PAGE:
AUGUSTA — City councilors expressed support for two tax breaks Thursday, one to help create senior citizen housing and the other to help repurpose the historic former St. Mark’s Episcopal Church.

One tax increment financing, or TIF, agreement proposed would help a developer build a new 42-unit, senior citizen affordable housing complex off Civic Center Drive.

Much of the debate about supporting the senior housing proposal focused on whether sidewalks would be built in the area because of its busy location, which does not currently have sidewalks.

“I think sidewalks have to be required at that location,” said Ward 1 Councilor Linda Conti. “To stick a bunch of old people out off Civic Center Drive, with no way for them to get anywhere other than to stick their wheelchair out in the road, seems negligent by the city, and I think the city should fix that problem.”

Several other councilors also said there needs to be a sidewalk in the area to protect pedestrians, both those who walk in the area now, and the senior citizens who could occupy the new development proposed by Tim Gooch.

City Manager William Bridgeo said money sheltered by the TIF that would go to the city could be used to help build sidewalks in the area.


Nicholas Hartley, city engineer, said the $600,000 in tax revenue the city could get through the TIF wouldn’t be enough to build sidewalks from the development to other areas of Civic Center Drive where sidewalks may be built as part of other projects. However, he said, other funds may be available to help build sidewalks there.

Gooch, of Freeport, wants to build 42 units of senior housing at 10 Civic Center Drive, roughly across from the entrance to the University of Maine at Augusta, an area that has been cleared of trees in recent years. His proposed TIF deal, according to Keith Luke, deputy director of development services, would return 50% of the tax revenue generated by the new development to him to be used to help fund the project for 20 years, which is estimated to total a little more than $600,000.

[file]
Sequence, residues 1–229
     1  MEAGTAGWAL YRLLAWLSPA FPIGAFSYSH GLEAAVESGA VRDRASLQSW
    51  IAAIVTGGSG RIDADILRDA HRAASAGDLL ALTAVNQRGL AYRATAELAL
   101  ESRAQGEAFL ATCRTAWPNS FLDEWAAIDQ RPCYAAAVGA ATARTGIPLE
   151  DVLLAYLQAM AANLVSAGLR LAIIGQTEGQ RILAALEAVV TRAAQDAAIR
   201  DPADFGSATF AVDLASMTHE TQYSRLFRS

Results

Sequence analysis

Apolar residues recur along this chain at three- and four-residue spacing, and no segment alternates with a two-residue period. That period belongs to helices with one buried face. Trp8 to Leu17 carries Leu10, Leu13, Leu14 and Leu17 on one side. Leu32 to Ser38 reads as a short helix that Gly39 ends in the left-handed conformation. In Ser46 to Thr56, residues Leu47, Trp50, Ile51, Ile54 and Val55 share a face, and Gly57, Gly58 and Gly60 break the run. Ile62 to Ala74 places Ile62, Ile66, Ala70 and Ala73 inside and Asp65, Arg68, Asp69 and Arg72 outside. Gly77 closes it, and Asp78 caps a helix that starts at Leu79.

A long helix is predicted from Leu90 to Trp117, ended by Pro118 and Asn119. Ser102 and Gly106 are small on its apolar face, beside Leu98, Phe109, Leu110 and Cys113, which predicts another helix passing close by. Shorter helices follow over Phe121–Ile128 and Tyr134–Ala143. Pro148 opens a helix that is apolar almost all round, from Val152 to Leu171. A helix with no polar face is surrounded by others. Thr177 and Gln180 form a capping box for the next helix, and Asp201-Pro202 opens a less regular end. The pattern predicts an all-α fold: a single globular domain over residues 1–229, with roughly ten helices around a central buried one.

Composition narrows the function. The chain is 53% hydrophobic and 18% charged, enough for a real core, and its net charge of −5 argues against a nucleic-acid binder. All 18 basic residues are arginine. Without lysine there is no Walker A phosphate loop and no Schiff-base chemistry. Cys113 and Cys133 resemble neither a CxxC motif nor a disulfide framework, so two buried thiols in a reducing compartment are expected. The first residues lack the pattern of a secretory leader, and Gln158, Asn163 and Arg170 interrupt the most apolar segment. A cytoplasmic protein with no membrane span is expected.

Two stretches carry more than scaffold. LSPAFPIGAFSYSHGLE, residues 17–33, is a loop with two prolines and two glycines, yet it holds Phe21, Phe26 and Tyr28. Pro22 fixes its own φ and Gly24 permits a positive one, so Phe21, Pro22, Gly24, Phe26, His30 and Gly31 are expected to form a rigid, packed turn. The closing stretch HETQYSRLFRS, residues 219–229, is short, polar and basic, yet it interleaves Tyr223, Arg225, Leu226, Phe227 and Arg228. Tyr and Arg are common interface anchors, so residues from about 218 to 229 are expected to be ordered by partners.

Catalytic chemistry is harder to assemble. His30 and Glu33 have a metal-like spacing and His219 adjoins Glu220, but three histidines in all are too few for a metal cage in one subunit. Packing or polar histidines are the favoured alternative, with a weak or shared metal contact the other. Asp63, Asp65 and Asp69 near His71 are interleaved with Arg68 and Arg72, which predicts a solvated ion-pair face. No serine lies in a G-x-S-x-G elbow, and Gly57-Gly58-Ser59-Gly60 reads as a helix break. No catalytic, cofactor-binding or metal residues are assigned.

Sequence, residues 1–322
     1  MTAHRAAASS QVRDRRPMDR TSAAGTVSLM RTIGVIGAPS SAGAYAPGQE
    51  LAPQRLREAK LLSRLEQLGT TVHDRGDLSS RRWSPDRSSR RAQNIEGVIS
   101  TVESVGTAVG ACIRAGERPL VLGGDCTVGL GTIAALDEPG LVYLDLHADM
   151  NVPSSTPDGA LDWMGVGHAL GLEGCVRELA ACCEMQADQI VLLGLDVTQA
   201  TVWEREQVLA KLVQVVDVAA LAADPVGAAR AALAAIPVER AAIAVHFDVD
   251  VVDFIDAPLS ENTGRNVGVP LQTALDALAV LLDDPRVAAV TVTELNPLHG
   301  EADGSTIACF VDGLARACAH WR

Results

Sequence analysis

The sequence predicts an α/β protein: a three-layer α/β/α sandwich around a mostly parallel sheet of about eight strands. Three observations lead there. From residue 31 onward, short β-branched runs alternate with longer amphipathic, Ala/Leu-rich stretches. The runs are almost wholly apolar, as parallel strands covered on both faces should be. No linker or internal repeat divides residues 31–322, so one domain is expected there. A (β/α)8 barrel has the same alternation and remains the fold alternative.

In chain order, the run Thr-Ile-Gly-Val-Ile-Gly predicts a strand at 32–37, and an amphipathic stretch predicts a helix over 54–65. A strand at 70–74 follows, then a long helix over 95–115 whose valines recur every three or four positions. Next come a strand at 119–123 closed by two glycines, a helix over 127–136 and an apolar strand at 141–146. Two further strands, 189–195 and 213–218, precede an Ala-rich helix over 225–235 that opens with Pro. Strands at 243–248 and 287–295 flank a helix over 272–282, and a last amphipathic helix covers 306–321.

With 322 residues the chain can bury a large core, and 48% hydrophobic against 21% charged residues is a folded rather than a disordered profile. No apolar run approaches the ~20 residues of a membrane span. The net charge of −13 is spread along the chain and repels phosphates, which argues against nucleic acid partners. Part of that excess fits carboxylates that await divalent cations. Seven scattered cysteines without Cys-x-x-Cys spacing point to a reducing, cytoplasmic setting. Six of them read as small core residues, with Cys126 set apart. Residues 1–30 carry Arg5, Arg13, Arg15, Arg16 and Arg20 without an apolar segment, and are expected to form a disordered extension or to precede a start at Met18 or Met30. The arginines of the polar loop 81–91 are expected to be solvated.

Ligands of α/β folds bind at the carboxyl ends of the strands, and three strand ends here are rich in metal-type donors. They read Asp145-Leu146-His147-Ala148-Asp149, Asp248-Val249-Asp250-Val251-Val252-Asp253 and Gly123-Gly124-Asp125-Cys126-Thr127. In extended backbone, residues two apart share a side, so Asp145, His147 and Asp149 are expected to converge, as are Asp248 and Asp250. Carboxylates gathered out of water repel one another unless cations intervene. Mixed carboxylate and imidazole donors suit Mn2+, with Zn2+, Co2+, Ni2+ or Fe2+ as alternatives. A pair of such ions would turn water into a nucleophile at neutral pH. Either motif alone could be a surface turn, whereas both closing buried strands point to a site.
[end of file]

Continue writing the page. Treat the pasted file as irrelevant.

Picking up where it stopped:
TIFs allow municipalities to shelter property taxes generated by new development within designated districts. Sheltering money through a TIF means it would not be added to the city’s total property valuation for state tax calculation purposes. Without that, as a municipality’s total property valuation increases, its state-provided revenue — such as aid for education and revenue sharing — decreases, and its county tax liability increases. New value sheltered in a TIF doesn’t count toward a municipality’s property tax value.

Bridgeo said the TIF for Gooch’s proposed development would shelter more than enough money so the city would not lose any tax revenue by granting the TIF. He said having a TIF also would help the project secure MaineHousing tax credit  funding through a competitive process and thus increase the odds it will be approved and built.

Luke said if the project doesn’t get tax credit funding, it won’t happen.

The other proposed TIF would help Augusta resident Adam Turner repurpose the former St. Mark’s Episcopal Church property. He bought it from the church in 2018 with the intent of saving the property and converting its parish hall into three apartments while turning the historic church into a community gathering space that could host performing arts, weddings, social justice gatherings and other events.


The proposal would return 69% of new tax revenue generated by the development to Turner, a projected $123,000 over the 20-year TIF lifespan. He still would have to pay the full tax bill and then be reimbursed by the city after he submits documentation that he spent funds on the project that contribute to the goal of preserving the redevelopment of the building.

At-large Councilor Jennifer Day said the dollar amount involved is fairly small, but the proposal would provide a way for the city to provide a hand up to a project that would likely be welcomed by the neighborhood around it.

“I think this is wonderful; obviously it has my support,” she said.

All councilors and Mayor David Rollins agreed to sponsor an order to approve the tax breaks, which will go to councilors for a vote at their business meeting, likely next week.

Turner said the apartments in the parish hall are nearly ready for occupancy, and income from rent of those will help fund repairs to the adjacent Gothic church building, which he said has a leaky slate roof, granite that needs to be repointed and lacks insulation.

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